Harlem Renaissance  Comes to Life in Raisin’ Cane

(Actress Jasmine Guy)

By Jerome Langston

It is early in my phone conversation with actress Jasmine Guy that I remember what I’d loved about our first time chatting, back in 2014, when the triple-threat performer first brought her Harlem Renaissance show to the 757. Jasmine keeps it extra real. The Atlanta native and preacher’s kid, famously known for portraying the lead character of Whitley Gilbert in The Cosby Show spin-off, A Different World, sounds nothing like the black southern belle she portrayed so well for the entire six seasons of the iconic sitcom. Gone is the famous southern accent that she created to land the role of Whitley. And though she does come from some privilege, Jasmine is not at all rigid or bougie like Whitley was—in fact, she’s quite earthy, passionate, and most importantly to me―a humor filled conversationalist.

“You know ice and Atlanta is not a good combo,” she says with a slight chuckle. I laugh, and tell her the two don’t mix well in Virginia either. It is the morning of the impending “blizzard,” so the actress, who still happily resides in Atlanta, has been out getting supplies in preparation. She tells me that it took her eight hours, a couple years or so back, to pick up her daughter Imani from school, during a winter storm. “I’m not doing that again,” she says with conviction.

That infamous Atlanta traffic gridlock incident happened in 2014, the same year that Raisin’ Cane: A Harlem Renaissance Odyssey, made its local premiere here at the Attucks Theatre. It was an amazing show—a mixed-media theatrical gem that encompassed music, still images, and oratory—in ways rarely seen work successfully in American theater. I ask Jasmine if the show has changed significantly since then.

“It is constantly morphing,” she says. “We’re constantly editing the show, making it as potent as possible, but also giving the musicians room to vamp.” Performing in the show with the acclaimed Avery Sharpe Trio has made Jasmine more comfortable with improvisation. “They’ve taught me how to be a jazz actor.”

Taking its inspiration from Jean Toomer’s classic novel “Cane,” published in 1923, Raisin’Cane celebrates and contextualizes the Harlem Renaissance for theater audiences. Never have the words and artistry of Langston Hughes, Zora Neale Hurston, W.E. B. Du Bois, and other Harlem Renaissance artists and thinkers, been so remarkably displayed for the stage. Jasmine occupies the role of Griot: dancing, singing and delivering passionate oratorical history lessons about America’s sexiest literary era, and the larger social framework of black life that it existed in, during the early 20th century following World War I.

“I really feel so strongly about telling our stories…in ways that are accessible to people, and not just young people, but all people,” Jasmine says. “Everything is not Harriet Tubman, Rosa Parks and Martin Luther King…there were many, many people, that already saw this…our plight as an issue, and tried to rectify it in their time, with the equipment that they had.”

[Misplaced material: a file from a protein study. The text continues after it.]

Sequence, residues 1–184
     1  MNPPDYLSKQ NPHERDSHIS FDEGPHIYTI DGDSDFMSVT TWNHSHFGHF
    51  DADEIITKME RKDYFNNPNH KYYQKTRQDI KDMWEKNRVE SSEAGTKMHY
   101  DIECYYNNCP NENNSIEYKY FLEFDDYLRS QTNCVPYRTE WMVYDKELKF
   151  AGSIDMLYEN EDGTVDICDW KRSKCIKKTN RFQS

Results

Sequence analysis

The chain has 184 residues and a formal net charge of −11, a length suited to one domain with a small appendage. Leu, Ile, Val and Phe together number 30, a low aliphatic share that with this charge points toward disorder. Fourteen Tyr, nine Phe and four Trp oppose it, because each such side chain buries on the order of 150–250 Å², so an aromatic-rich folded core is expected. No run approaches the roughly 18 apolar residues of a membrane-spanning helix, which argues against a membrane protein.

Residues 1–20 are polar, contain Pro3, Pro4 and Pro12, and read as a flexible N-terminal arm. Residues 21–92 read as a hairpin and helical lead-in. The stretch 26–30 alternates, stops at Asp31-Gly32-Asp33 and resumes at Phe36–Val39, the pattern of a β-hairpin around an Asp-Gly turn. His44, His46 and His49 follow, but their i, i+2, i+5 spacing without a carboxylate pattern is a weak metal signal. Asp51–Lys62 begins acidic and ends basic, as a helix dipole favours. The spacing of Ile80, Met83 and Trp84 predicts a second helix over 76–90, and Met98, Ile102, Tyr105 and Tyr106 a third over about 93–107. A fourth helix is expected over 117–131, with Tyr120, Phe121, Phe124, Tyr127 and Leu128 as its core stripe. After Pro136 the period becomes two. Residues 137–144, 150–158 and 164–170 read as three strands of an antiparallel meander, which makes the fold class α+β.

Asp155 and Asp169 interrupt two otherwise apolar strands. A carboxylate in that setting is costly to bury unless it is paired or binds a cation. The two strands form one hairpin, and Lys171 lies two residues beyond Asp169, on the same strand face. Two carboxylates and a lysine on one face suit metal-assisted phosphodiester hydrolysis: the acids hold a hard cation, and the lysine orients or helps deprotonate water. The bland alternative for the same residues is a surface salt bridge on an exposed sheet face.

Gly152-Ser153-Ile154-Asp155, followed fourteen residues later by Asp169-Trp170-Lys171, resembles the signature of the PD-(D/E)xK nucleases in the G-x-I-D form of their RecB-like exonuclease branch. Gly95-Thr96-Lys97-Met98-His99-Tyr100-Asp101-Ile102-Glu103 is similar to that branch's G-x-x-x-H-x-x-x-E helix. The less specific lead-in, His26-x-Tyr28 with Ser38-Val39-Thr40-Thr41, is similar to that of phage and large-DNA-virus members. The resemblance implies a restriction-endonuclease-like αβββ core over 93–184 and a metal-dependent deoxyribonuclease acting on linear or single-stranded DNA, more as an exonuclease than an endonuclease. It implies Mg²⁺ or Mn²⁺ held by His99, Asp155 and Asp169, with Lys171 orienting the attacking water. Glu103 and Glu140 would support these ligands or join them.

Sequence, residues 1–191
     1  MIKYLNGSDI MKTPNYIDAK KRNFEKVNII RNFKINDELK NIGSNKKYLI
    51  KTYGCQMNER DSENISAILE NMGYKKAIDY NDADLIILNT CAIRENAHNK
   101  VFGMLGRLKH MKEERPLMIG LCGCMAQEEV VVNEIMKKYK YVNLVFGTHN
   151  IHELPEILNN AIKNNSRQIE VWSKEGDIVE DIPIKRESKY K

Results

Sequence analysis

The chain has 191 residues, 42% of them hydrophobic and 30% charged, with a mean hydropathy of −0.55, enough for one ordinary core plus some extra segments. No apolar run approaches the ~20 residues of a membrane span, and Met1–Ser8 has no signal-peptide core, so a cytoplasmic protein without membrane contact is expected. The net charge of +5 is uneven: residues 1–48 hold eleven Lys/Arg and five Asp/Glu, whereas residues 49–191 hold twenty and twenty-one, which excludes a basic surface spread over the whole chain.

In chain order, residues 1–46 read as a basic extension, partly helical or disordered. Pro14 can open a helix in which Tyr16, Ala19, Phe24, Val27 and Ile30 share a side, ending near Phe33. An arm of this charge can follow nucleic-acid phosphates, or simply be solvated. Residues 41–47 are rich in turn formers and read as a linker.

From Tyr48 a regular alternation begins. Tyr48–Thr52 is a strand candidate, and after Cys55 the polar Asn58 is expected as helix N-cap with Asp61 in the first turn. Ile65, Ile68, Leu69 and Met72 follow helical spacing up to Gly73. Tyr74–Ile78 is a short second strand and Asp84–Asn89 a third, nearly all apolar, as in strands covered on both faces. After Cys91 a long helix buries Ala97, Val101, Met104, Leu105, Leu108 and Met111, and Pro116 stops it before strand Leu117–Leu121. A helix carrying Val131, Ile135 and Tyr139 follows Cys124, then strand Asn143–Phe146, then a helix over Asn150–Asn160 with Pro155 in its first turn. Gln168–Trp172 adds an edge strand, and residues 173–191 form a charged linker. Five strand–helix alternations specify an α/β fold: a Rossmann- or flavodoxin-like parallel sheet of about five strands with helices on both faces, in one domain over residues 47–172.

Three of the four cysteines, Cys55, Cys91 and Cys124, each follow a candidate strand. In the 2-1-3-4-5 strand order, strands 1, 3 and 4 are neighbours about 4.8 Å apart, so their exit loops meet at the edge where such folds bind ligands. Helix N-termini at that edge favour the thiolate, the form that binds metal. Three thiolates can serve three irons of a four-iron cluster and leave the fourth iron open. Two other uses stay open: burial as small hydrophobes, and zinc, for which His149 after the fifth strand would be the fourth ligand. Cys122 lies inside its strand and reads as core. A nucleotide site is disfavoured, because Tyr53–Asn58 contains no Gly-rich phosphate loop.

Written by Harry Clark, directed by Dan Guerrero, and with a lively jazz score by Avery Sharpe, whom Jasmine has now known for decades, the two-act production has played many theatres throughout the country, since it premiered some years back. It plays Hampton’s American Theatre next month.

Jasmine Guy is, like I, a Harlem Renaissance enthusiast. We are a relatively small group, but are nevertheless passionate about 1920s era Harlem, and its time as the Black Mecca for creative expression rooted in our culture. Great literature, jazz, visual art, the now iconic fashion of the black middle class, and black intellectuals―Harlem was the shit back then.

“I always feel like I was born too late,” Jasmine says, during an early part of our conversation. Her formative years were during the seventies, which in part explain her love for the three Cs of black cinema: Car Wash, Claudine, and yes, Cooley High. The singer/actress/dancer wishes she could have been born in the fifties, so that she could have been around during the Motown era. “I got disco,” she says, with a giggle.

She also got a career that rivals many of her heroes growing up. Jasmine has won six consecutive NAACP Image awards for her work in A Different World. She also appeared in perhaps my favorite Spike Lee joint, School Daze. Recently, she’s had small screen roles on both Tyler Perry’s If Loving You Is Wrong, and K. C. Undercover. And there are fans that are still awaiting the follow-up to Guy’s self-titled 1990 debut album, which garnered multiple R&B hits, including “Just Want to Hold You,” a ballad that broke through at Pop radio as well.

Before our conversation concludes, Jasmine and I mention the disheartening election of Trump, discuss college options for her daughter, and tells me about the brilliance of Hidden Figures, a film produced by Pharrell that I haven’t yet seen. She also expresses how much she still loves performing in Raisin’ Cane.

“When we do this show, it’s really an act of love, and what I love about it, is that people receive it in such a beautiful way.”

WANT TO GO?

Raisin’ Cane: A Harlem Renaissance Odyssey

Starring Jasmine Guy & The Avery Sharpe Trio

Saturday, February 11th

8:00 PM

The American Theatre

www.hamptonarts.net

 

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